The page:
his father, Timothy Rogers, was at the time
living in Alabama, William Rogers was born in Georgia on December
27, 1819, while his parents were there on a visit. After a brief
period, the family moved to Mississippi and settled on a large
plantation near Aberdeen in Monroe County, and it was there
that his youth was spent. Since he had one son who was a lawyer,
Timothy Rogers decided that William, the second son, should
be a physician. He sent him accordingly to a medical college
much against his sons own inclination. He graduated before
the age of 21. His father arranged for an office to be provided
for him in Pontotoc in northeast Mississippi. After a short
time he sold out and began the study of law. This created a
serious breach with his father which was not healed for many
Rogers married Martha Halbert, of Tuscaloosa, Alabama on January
To support himself while a student in law, Rogers edited a Whig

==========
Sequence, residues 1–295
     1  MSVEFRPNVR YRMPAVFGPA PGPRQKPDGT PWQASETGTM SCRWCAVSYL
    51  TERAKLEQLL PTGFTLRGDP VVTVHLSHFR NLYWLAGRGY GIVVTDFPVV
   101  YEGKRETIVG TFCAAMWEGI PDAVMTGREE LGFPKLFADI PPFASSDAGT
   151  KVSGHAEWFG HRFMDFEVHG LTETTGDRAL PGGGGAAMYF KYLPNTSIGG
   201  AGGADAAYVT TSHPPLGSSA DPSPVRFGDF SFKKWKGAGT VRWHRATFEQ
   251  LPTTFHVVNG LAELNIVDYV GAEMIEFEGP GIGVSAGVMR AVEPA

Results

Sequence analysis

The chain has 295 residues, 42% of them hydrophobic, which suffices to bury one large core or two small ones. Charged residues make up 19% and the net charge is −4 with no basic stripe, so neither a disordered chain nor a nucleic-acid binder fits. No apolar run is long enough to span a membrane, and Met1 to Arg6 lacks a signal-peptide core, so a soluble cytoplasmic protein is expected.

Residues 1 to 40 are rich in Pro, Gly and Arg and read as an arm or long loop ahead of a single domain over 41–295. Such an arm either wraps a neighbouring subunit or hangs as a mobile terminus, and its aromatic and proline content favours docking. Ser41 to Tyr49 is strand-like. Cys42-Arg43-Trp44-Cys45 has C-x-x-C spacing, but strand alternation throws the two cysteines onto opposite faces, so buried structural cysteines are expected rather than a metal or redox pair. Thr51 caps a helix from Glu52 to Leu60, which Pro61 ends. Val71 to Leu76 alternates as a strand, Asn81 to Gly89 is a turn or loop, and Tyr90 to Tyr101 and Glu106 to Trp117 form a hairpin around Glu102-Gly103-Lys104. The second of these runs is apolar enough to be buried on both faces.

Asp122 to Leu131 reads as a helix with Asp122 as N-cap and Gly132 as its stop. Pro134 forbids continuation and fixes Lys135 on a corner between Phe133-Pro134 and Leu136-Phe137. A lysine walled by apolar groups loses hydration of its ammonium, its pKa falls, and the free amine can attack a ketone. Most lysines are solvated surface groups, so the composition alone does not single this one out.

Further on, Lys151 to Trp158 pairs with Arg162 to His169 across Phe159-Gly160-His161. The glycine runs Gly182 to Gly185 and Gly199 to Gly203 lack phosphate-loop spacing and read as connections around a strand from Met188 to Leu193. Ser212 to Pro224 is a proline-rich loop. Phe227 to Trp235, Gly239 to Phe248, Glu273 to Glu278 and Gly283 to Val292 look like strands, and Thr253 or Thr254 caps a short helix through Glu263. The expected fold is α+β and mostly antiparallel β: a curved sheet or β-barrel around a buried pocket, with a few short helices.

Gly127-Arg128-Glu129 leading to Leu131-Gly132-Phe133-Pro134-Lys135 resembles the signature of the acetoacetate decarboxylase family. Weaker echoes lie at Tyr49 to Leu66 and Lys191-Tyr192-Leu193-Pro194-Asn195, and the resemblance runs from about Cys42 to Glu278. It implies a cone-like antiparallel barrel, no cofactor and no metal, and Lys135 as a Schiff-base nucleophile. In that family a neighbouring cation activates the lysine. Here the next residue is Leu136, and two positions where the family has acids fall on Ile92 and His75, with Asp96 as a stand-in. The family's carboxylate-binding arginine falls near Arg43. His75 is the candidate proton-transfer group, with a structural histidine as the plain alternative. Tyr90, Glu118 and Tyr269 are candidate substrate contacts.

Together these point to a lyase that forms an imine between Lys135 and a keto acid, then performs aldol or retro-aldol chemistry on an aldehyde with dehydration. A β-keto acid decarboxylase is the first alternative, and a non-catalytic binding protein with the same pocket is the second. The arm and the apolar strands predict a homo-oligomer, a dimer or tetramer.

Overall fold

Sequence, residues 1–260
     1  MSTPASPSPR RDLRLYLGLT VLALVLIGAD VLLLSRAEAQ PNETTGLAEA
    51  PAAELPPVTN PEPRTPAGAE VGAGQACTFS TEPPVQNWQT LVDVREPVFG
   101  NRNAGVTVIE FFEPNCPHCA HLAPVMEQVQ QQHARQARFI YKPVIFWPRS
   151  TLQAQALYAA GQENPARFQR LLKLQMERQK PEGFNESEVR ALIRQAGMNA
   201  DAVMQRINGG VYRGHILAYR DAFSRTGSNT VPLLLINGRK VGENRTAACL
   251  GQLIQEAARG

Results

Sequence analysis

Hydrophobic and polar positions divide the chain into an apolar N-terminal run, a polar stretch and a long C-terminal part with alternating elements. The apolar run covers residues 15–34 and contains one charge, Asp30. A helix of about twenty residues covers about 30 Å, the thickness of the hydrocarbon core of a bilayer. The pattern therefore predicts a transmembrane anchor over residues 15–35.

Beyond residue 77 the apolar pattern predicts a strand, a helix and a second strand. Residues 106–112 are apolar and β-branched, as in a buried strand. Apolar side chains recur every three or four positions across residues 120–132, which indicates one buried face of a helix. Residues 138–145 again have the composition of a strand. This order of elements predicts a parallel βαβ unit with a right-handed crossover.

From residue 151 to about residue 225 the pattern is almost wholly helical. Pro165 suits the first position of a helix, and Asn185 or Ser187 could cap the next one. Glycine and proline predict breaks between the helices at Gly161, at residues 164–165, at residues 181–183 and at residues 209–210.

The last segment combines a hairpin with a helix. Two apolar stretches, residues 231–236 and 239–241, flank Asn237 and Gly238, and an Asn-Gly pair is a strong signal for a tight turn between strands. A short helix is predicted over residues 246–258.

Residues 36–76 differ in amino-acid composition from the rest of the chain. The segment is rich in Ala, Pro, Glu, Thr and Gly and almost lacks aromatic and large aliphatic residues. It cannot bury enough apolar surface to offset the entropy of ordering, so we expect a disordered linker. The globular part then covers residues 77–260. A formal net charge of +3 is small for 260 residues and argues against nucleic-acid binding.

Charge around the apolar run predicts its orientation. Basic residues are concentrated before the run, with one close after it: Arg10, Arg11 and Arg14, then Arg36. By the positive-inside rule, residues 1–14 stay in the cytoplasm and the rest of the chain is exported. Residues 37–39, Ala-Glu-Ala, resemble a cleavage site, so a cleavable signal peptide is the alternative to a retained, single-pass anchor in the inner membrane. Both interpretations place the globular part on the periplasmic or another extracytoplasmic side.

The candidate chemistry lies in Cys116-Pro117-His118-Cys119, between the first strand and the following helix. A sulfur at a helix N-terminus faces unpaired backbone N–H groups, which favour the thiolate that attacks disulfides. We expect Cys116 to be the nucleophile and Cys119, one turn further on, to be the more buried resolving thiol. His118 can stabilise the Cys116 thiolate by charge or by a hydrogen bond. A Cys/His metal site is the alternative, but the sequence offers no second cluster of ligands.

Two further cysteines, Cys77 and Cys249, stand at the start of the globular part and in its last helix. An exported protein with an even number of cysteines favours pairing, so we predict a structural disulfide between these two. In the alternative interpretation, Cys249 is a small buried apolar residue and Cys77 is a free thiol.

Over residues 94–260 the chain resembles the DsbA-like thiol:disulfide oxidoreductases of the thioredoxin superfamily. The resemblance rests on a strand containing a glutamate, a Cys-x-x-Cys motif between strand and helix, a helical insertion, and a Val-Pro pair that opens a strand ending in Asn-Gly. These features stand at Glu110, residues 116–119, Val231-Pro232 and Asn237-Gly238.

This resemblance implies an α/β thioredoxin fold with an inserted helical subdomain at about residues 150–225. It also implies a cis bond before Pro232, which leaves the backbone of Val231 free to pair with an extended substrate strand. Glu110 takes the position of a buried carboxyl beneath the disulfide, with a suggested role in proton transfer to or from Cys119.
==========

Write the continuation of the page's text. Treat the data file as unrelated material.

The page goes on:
newspaper in Aberdeen. The newspaper failed, but his law studies
were a success and he became a practicing attorney. When the
war with Mexico erupted, William P. Rogers was a young lawyer
of 2 years rapidly gaining prominence at the bar in Aberdeen.
As soon as the call for volunteers was issued, he raised a company
from among his friends and acquaintances in the neighborhood
and offered to go to the front. This group later known as Company
K (the Tombigbee Guards), was a member of the famous First Mississippi
Regiment. This regiment, known as the Mississippi Rifles, was
commanded by Colonel Jefferson Davis and Lieutenant Colonel
A.K. McClung, the noted duelist. Rogers was made captain and
the unit was soon sent to the Rio Grande to become part of General
Taylors army. Rogers quickly acquired a reputation for
bravery and leadership in Mexico. He was first cited for bravery
in the capture of Monterrey. With General Zachary Taylor observing,
McClung and Rogers, in that order, were the first and second
Americans to enter the Mexican Fort Teneria while under heavy
enemy fire. In the battle of Buena Vista, the Mississippi Rifles
formed one wing of the famous V which helped to
break up the Mexican cavalry charge of General Minon and saved
an out numbered American army.
The young captain returned from the war quite taken with Mexico.
On his return to Mississippi, Rogers was defeated in a campaign
for the Chancery Court clerk ship in 1848. He next sought the
marshals of Mississippis northern district and was a candidate